Give a girl the right shoes, and she can conquer the world.
We have shoes with heels high as standing cats, fine sandals, and boots growing higher and higher. As seen on yesterday’s movie stars, high heels and gorgeous shoes last for some generations now. But what did our ancestors wear to impress men?
Actually, the traditional footwear of some nations is based on some natural science knowledge. Furthermore, despite the fact that the majority of them are as down-to-earth as they could be, you could find some geographical and historical elements within them.
There’s another very interesting aspect that can be seen when studying shoes (I feel like Polly McShane dealing with Lithuania and its spoons). If you take a look at each pair of shoes, they would seem very distinct and a difficult fit in the end. But if you take an overall look at all of the footwear, you’ll notice that they’re very similar to those of neighboring nations, other countries of the same continent, or you could recognize some similarities in nations from other continents.
Moreover, did you know that some century-old footwear was adapted and are underlying the ordinary summer flip-flops?
On this page:
Geta – the Japanese high heel
Particular Japanese footwear, geta strongly resemble those summer flip-flops that are anchored between the first two toes. But, unlike them, the soles are wooden, and commonly rest upon two “teeth” placed perpendicular on the walk direction.
Apparently they’re impossible to wear, but a walk in these shoes strongly resembles wearing platforms.
If the two “teeth” version is understandable, the one with a single “tooth” – called tengu geta – will seem to be from a circus act. Unexpectedly, tengu geta are fairly easy to wear:
Who, and in what circumstances, would wear such things? Basically, everyone – men and women alike. They can be worn in any type of weather, by anyone with a practical mind. They’re good to wear during the summer instead of sandals. They’re good during the rainy seasons, as they raise the feet; they’re stable and don’t let moisture reach your feet, unless you are crossing a river. They’re also great to wear with very long dresses, as they’re good at detouring the mud. There is also a winter version with spiked soles.
Do you have any idea how long their history is?! Their ancestors, tageta, date as far back as Jesus. They were created for those who worked on the rice plantations. They were on a roll in the Yayoi period (300 B.C.- 300 A.D.) 1)”Introduction to Japanese Culture” by Daniel Sosnoski, published by Tuttle Publishing in 1996.
Tired of his feet getting wet through his woven sandals, an innovative Japanese thought about raising the tageta. The height grew, but the name was shortened to: geta.
Never mess with women’s ability to make the most uncomfortable shoes. As they were also doing their jobs, the courtesans (called oiran) from the Genroku period (1688-1704) managed to transform geta, shoes that are as practical as they come, into yujo geta, with a height of approximately 30 centimeters (so that everyone could know who ranked higher amongst pleasure-dealing women). These shoes are also called koma geta, but not because by walking in them you risk falling into a coma. Although the risk of falling is very real. The courtesans were wearing heavy kimonos and gigantic wigs, thus, walking safely on something that high, they would have needed two aids 2)”Introduction to Japanese Culture” by Daniel Sosnoski, published by Tuttle Publishing in 1996.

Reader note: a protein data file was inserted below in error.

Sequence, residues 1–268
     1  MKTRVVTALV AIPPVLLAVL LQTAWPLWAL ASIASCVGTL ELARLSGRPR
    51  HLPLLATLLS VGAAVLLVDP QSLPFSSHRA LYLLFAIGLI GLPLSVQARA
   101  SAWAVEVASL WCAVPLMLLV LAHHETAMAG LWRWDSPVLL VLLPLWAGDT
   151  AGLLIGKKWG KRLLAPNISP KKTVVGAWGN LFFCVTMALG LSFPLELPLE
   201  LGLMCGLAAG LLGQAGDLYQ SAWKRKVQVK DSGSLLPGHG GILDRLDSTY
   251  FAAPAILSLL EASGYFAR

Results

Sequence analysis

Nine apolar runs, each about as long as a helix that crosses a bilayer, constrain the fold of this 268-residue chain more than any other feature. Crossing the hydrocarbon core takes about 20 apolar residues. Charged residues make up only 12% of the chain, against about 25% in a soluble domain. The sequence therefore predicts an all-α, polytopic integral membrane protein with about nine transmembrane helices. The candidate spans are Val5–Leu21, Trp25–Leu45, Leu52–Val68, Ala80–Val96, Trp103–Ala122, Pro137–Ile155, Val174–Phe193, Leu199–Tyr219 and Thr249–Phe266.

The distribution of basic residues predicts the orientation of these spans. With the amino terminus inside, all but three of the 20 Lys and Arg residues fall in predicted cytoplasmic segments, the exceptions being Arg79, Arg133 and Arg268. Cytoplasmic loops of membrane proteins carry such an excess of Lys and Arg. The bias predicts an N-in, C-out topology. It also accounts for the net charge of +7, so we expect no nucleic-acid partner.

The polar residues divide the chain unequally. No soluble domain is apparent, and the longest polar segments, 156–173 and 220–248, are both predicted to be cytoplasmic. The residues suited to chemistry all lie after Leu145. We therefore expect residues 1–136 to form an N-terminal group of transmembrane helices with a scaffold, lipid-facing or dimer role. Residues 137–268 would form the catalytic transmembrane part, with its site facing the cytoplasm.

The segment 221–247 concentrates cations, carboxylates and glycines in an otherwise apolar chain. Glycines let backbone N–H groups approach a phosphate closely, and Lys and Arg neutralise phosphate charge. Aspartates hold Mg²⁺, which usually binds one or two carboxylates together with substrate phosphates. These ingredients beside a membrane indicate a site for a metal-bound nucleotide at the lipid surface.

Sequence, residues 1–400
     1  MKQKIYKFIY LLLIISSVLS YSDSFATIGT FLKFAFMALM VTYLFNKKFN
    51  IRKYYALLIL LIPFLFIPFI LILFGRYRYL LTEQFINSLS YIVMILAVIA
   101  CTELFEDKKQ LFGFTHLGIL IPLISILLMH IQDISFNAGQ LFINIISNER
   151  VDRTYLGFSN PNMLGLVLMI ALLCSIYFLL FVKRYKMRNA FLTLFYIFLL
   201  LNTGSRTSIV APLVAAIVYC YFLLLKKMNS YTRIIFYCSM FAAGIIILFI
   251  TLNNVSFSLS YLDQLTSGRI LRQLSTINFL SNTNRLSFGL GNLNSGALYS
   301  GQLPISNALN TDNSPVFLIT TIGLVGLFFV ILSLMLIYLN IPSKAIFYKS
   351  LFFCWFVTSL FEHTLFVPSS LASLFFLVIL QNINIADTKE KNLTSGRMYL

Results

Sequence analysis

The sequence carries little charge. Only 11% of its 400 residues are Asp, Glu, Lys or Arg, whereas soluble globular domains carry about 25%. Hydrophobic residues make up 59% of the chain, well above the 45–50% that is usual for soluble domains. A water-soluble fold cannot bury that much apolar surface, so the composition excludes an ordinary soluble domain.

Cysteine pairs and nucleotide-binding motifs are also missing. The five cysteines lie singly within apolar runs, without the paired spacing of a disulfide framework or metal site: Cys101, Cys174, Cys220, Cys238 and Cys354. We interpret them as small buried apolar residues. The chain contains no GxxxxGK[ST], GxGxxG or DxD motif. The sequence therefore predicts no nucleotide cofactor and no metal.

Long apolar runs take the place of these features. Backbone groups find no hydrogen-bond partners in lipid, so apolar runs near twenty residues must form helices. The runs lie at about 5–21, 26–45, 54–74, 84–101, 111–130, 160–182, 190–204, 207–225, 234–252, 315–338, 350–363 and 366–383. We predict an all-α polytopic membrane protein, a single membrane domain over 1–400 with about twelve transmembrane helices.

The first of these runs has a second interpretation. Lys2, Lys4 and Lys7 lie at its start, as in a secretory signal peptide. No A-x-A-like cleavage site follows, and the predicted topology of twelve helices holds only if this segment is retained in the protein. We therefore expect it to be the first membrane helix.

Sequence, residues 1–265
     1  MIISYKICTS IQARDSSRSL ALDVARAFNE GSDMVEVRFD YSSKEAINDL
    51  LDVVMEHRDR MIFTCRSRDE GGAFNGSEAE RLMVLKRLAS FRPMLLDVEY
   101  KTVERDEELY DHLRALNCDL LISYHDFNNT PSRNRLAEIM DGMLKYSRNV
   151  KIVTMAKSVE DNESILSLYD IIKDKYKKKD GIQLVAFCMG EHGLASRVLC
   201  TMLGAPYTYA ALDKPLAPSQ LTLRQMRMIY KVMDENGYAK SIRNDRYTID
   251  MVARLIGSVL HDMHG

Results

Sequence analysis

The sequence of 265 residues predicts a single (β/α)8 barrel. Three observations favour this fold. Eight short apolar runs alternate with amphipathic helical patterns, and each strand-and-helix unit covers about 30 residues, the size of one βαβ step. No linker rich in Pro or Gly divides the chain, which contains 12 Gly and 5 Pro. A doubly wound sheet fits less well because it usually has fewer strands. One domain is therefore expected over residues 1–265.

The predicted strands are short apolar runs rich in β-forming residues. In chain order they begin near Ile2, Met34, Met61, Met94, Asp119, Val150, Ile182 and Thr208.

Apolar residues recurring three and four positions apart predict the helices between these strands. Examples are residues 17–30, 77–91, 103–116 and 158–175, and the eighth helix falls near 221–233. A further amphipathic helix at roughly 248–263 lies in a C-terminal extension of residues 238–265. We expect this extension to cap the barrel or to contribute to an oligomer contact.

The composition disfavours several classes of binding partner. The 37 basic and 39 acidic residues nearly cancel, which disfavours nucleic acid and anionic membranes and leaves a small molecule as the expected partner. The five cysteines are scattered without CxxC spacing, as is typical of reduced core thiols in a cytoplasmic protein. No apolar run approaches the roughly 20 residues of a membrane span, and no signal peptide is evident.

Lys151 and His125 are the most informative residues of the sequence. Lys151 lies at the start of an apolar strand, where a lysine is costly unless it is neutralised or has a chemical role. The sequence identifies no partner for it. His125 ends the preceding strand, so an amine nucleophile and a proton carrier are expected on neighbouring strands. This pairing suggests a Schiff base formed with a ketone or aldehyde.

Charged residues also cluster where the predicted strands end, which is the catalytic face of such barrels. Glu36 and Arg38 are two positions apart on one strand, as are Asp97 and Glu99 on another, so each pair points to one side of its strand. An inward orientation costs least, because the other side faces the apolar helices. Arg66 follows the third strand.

Here you have a walk demonstration, specific for oiran, but on koma geta of just 15 centimeters:
Would you ever think there’s anything sexy about koma geta?!
Shortly after the trend changed for the courtesans, it caught on to prostitutes at parades. Why is that – you would ask astonished? Walking on geta creates some specific noises, noises that attract more attention than the silent walking. Then again, it was a great excuse for walking slowly and to be admired as thorough as possible.
Fortunately, the shoe models were improved so that they were easier to wear. The three “teeth” that were basic features on koma geta, provide good stability, even at greater heights of these platforms.
Are you interested in a pair of geta? Then get yourself a piece of wood, a device that can punch holes in it and some cloth. The piece of wood has to be made out of a flat surface for the sole and 1-3 “teeth” underneath it. On the opposite side of the “teeth” place the cloth in a V shape. The three endings of the V shape will have to be placed through the piece of wood (in which a hole has already been cut) and you fix them firmly. Now make a recording of you wearing it and you’ll become an antidepressant.
Okobo – sandals of geishas in the making
Let’s venture a little bit more into Japan. This time we’ll take a look at the feet of the geishas in the making, called maiko.
The sandals made out of willow wood, and worn mostly by young Japanese women with artistic aspirations, are called okobo. They are tied around the foot with some colored ribbons. Now don’t think that each of them get to chose their colors. On the contrary, the rules state that red is for rookies and yellow is for those that are just about to become geishas 3)”Geisha – The Mysterious Japanese Entertainer” by Joachim Schliesinger, published by Booksmango in 2015.